- Kim Hügi’s advice is also to try to get the nail out. No, she’s not joking this time! Often once the nail is off, it’s far less painful. Wiggle it a bit, does move a lot? Is it already just hanging on by a bit of skin? If yes, then soak your feet in hot water and try to get it off.
- Make sure your nails aren’t too long or too short. Keep them comfortably trimmed.
Joint and Muscle Pain.
There can be a huge number of causes as to why your feet hurt, but here are some things to look out for.
- Dead shoes. Dead shoes often cause joints to get jammed up when your shoe no longer has the strength to support the joints in your foot. This disruption can cause not only the joints to ache but also the muscles and tendons that are working overtime to keep your foot stable and injury-free.
- Incorrect technique can be another factor. For example, forced turnout and sitting in hyperextension causes not only hip and knee problems but they will eventually ricochet down the leg to the foot. Take care. Work smart. Work according to your body, not according to someone-else’s.
- Flexibility to strength ratio being off. If you’ve got crazy flexible feet, it’s your responsibility to make sure you have crazy strong feet. Weak + flexible = injuries.
- Another reason is just Ballet. If you’re dancing you have to accept that you have chosen an art form that demands a lot of the feet. And so, being 100% pain-free, always, is just not going to happen. Maintenance is key. It’s also not too hard!
Here are a few great tools from the pros.
1. Ballerina Lauren Janeway gave the healthy reminder of contrast showers for the calves. This is as simple as sitting on the tub, using your shower head to run the water along your calves and feet, switching the water from hot to cold every minute or so. Always end on cold.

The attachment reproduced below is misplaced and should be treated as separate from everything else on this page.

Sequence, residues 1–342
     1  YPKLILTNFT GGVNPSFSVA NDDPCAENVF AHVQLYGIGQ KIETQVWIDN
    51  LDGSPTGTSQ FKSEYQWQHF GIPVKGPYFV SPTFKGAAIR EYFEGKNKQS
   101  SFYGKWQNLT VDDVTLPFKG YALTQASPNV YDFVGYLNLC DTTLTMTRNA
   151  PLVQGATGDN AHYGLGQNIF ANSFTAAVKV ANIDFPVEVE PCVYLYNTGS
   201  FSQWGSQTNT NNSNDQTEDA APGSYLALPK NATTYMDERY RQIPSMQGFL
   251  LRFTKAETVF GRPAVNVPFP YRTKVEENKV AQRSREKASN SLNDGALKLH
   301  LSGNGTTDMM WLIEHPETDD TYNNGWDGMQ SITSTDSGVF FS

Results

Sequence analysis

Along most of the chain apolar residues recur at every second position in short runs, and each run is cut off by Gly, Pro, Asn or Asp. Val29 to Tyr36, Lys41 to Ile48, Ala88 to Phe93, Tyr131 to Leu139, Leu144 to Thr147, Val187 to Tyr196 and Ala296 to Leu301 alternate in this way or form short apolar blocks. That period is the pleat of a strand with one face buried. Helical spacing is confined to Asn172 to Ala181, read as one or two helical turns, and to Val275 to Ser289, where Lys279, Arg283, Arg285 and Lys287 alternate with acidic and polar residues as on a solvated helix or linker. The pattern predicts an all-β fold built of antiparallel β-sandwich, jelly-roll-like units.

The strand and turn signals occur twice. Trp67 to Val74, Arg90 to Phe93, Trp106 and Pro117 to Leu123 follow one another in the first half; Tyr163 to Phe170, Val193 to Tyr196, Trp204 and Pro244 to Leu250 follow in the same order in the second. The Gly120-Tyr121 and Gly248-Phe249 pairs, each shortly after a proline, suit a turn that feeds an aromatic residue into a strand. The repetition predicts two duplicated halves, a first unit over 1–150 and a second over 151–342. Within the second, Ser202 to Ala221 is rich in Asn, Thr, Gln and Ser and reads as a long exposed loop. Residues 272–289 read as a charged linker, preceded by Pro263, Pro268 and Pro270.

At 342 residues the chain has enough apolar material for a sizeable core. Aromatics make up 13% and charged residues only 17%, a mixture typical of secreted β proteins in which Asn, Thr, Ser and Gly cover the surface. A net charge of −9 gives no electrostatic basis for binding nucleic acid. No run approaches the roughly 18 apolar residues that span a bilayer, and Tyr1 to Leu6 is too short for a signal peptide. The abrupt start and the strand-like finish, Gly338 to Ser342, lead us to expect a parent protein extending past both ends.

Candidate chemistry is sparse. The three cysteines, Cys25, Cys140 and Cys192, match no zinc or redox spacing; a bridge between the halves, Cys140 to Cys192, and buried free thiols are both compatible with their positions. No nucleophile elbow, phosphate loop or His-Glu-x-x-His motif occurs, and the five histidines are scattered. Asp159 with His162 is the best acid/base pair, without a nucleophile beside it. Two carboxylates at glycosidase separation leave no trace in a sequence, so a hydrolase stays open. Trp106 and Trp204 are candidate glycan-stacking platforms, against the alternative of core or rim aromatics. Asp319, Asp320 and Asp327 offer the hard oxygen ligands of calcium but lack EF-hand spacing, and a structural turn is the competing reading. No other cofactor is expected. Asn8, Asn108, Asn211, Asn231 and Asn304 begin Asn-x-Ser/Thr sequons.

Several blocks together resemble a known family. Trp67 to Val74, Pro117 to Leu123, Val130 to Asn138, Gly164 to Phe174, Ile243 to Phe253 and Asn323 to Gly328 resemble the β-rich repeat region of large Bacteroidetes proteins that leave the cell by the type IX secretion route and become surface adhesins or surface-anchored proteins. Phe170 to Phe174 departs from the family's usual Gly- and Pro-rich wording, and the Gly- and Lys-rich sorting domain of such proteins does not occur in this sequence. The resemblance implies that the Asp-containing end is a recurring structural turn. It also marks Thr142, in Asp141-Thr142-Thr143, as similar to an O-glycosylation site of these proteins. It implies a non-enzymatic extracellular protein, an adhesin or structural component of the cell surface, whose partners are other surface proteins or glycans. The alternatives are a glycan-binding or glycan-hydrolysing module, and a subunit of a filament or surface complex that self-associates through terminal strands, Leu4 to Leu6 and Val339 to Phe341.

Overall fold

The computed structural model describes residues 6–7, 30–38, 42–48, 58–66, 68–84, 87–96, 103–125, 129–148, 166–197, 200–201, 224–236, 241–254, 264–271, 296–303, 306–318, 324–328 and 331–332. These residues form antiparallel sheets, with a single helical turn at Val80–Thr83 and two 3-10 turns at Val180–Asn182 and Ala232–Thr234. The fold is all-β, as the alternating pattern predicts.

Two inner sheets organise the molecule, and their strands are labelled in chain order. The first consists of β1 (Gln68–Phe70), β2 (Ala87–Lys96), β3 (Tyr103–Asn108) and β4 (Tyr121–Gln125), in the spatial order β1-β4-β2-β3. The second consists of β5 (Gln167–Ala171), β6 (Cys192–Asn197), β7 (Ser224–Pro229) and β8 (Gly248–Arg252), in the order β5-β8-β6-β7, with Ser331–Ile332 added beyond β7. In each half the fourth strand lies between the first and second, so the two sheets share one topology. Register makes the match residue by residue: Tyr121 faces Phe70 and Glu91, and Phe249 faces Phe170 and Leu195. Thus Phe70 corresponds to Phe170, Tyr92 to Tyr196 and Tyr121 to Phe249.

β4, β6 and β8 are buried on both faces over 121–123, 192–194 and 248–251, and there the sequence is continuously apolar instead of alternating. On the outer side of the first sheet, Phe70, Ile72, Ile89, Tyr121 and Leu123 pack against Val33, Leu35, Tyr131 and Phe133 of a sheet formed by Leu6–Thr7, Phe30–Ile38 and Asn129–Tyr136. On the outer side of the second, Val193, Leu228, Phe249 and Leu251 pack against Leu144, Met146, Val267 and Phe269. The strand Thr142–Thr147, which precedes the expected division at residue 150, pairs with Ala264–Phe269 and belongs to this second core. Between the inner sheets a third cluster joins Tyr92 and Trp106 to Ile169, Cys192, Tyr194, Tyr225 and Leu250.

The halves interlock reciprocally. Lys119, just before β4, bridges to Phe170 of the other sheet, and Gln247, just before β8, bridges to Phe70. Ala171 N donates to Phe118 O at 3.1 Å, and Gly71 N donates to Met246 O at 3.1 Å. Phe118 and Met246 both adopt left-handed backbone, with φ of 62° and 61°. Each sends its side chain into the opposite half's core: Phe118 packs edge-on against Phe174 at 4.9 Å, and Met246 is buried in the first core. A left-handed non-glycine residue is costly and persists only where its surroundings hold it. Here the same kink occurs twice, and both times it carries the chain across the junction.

2. Another tip from Kirsten is to massage your calves in the evening. Buy some of your favorite lotion or oil and work your way from the top of the calf to the ankle and foot. I like to pay attention to how our sports masseurs massage me and try to mimic it at home. This will get the blood flow going again!
3. And ofc, the old trick of throwing your feet up in between rehearsals and before bed is so healthy. I used to do this on the bus, yes, on the bus, on the hour ride home from ballet class. But I only did it once we got on the freeway and they turned if the lights, haha. Still got the job done.
If pain ever is very constant or getting worse, see a Physio!
As you can see, foot care isn’t complicated. It’s quite simple and cheap too! Unfortunately, there will still be days when the toes just hurt like crazy. But those days will pass and now at least you have some new ideas that you can try to incorporate into your foot care routine. Thanks to all the ballerinas who shared their inputs!
I can’t conclude this article without sharing a couple of pieces of advice from the boys too.
“Tape the toe that’s painful and off you go. Also, pain killers.” – Hidetora Tabe and my personal favorite, “Peanut butter cookies.” – Oliver Jahelka, because peanut butter cookies make everything better.